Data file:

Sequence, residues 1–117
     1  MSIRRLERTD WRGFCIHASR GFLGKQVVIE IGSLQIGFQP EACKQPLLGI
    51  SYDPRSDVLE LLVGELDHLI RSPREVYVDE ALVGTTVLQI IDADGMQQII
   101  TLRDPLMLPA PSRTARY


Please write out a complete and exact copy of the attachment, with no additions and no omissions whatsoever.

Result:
Sequence, residues 1–117
     1  MSIRRLERTD WRGFCIHASR GFLGKQVVIE IGSLQIGFQP EACKQPLLGI
    51  SYDPRSDVLE LLVGELDHLI RSPREVYVDE ALVGTTVLQI IDADGMQQII
   101  TLRDPLMLPA PSRTARY